A total of 12 residents participated in the learning activity and completed both surveys. Ninety six percent of residents surveyed believed receiving a “bugs and drugs” lecture improved their preparedness to rationally prescribe empiric antibiotics for a suspected infection. Although additional statistical evaluation is not suitable for such a small sample, this suggests an increase in the perception of resident preparedness to prescribe rational empiric antibiotics for a suspected infection as a consequence of this didactic session. While all questions on each of the surveys were answered, few additional comments were provided, as requested at the end of each pre- and postsurvey. When postlecture survey results were assessed in this individual PGY, an area of concern was understanding bacteria as they relate to the source of infection.
Overall, our project has led to a culture change on the medicine service. The initial intent was designed to improve knowledge around an important focused topic, and it has created a framework for reinforcing the topics, using just-in-time resources to aid in clinical decision-making. Beyond that, it has encouraged residents to request more formalized teaching on the inpatient medicine rotation in general. The results of this study have led to the lecture being delivered during each intern’s first week on the medicine rotation, and within their first 6 months of residency. In addition, each PGY-2 and PGY-3 on the service will have received the lecture several times as well, by the time they graduate. Since implementation of this bugs and drugs lecture, residents refer to lecture notes to aid in rational empiric antibiotic selection across the continuum of residency. While the lecture is delivered using a dry erase board with residents taking notes, an electronic version of the core content is posted for reference on the family medicine residency’s wiki (attached).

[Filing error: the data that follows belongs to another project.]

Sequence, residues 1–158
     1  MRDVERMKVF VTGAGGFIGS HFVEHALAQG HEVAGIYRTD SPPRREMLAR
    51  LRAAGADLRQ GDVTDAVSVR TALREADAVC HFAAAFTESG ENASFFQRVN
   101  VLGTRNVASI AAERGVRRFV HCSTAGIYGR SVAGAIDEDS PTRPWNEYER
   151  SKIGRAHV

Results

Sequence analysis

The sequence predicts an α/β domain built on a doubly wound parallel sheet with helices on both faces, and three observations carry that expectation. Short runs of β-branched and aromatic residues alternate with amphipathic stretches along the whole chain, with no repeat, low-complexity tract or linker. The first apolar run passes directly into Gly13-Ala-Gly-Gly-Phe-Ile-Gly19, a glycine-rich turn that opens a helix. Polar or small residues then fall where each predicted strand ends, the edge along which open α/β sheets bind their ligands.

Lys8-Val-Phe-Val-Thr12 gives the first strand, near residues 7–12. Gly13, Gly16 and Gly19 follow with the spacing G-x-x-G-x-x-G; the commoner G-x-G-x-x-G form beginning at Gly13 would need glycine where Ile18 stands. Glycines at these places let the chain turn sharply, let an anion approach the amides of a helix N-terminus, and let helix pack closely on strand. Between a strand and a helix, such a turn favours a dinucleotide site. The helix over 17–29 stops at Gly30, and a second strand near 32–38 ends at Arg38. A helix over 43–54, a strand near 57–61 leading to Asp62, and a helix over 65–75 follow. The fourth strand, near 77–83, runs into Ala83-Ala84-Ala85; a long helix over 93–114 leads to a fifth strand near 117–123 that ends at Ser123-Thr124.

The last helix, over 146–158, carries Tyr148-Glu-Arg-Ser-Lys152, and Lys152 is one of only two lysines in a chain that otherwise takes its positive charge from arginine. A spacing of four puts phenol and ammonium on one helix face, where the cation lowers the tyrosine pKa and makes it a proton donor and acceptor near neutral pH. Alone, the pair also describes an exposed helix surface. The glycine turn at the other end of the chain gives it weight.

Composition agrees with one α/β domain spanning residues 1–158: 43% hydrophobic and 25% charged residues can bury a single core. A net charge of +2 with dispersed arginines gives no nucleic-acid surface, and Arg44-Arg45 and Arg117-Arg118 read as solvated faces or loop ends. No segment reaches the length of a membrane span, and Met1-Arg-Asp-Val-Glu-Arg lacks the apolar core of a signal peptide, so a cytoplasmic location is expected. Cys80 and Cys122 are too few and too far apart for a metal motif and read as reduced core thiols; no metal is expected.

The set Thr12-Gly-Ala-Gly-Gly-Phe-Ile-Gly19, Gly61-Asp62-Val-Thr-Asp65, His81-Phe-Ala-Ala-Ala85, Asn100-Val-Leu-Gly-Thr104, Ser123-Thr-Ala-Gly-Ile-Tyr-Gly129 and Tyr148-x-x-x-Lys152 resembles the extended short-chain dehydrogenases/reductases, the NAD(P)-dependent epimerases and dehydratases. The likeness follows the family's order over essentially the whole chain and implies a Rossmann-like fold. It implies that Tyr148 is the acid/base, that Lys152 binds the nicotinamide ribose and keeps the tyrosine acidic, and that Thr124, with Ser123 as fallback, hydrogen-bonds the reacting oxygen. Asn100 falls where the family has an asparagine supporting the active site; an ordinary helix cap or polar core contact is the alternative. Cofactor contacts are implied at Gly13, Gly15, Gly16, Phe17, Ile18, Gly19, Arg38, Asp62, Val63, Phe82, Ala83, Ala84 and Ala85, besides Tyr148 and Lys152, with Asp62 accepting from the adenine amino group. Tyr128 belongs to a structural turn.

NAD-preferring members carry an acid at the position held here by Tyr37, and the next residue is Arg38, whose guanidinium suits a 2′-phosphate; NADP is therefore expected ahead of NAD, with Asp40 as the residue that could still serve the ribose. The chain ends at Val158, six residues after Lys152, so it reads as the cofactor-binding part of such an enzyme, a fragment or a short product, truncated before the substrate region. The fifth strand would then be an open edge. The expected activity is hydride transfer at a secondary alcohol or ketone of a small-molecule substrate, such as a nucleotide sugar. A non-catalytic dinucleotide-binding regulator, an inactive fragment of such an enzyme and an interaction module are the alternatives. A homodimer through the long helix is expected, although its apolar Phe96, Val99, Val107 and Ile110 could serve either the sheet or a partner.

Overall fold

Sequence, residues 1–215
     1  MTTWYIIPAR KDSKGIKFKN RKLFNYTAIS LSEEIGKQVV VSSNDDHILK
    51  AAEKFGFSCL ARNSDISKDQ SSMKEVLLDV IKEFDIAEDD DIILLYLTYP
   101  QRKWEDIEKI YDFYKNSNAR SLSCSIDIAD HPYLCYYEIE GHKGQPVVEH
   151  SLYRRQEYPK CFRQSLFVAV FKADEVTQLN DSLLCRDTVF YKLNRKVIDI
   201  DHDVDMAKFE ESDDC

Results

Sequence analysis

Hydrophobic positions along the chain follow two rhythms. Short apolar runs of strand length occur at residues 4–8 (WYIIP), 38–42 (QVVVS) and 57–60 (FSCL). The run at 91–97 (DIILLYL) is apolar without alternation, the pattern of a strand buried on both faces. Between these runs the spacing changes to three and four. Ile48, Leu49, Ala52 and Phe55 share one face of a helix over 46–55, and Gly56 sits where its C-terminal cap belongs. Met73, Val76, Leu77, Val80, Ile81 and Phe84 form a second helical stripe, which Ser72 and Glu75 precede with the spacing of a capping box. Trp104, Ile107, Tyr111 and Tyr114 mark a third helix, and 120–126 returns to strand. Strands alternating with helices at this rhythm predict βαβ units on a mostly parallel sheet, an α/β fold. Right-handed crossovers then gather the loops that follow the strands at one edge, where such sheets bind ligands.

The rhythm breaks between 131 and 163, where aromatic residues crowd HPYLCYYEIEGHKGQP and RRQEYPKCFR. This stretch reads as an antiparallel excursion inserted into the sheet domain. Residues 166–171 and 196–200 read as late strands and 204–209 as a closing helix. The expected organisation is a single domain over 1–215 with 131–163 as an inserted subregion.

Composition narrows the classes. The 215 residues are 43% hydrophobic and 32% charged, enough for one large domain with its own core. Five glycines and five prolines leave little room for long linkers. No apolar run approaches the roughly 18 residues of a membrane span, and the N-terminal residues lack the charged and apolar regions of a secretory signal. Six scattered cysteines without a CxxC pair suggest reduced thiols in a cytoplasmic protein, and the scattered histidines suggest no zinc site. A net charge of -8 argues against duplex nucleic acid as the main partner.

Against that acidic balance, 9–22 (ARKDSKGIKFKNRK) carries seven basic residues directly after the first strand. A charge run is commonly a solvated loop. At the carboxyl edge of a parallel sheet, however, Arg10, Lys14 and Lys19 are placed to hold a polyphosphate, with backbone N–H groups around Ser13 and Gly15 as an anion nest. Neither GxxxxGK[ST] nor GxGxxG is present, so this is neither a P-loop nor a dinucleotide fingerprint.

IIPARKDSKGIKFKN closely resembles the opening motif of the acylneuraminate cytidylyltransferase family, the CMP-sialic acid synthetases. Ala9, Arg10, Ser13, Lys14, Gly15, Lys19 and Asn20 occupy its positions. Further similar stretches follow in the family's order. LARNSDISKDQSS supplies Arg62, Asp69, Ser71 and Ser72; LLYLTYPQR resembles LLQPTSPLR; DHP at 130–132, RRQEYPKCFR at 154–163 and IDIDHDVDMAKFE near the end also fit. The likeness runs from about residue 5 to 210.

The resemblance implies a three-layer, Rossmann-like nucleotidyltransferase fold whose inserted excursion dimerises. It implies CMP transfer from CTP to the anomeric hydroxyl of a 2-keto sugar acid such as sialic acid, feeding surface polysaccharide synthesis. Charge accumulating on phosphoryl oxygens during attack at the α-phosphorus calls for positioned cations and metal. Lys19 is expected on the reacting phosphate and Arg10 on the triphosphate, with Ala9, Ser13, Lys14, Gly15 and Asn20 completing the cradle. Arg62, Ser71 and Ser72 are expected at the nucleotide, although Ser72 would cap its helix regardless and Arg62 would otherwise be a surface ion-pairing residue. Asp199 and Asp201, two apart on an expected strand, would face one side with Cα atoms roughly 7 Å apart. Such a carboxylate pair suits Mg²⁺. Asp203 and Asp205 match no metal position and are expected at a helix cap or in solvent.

Adopting a systematic, step-wise approach to teaching and learning antibiotics assists in rational and logical antibiotic prescribing. Other residencies could explore similar interventions by first assessing their current approaches to teaching antibiotic prescribing. This should include identification and characterization of resources already in use by residents. We believe our intervention benefited from using formatting and organization similar to popular tools.
Residencies without formal antibiotic teaching are ideally suited to collect and analyze before and after data; such data could include observations of antibiotic selection and management discussions during rounds, or chart review of resident notes. Collecting these data in addition to survey data will add to the overall quality of evidence supporting this kind of educational intervention.
1. Accreditation Council for Graduate Medical Education. ACGME Program Requirements for Graduate Education in Family Medicine. Effective July 1, 2017. https://www.acgme.org/Portals/0/PFAssets/ProgramRequirements/120_family_medicine_2017-07-01.pdf. Accessed April 25, 2018.
2. ASHP statement on the pharmacist’s role in antimicrobial stewardship and infection prevention and control. Am J Health Syst Pharm. 2010; 67(7):575–577. https://doi.org/10.2146/sp100001.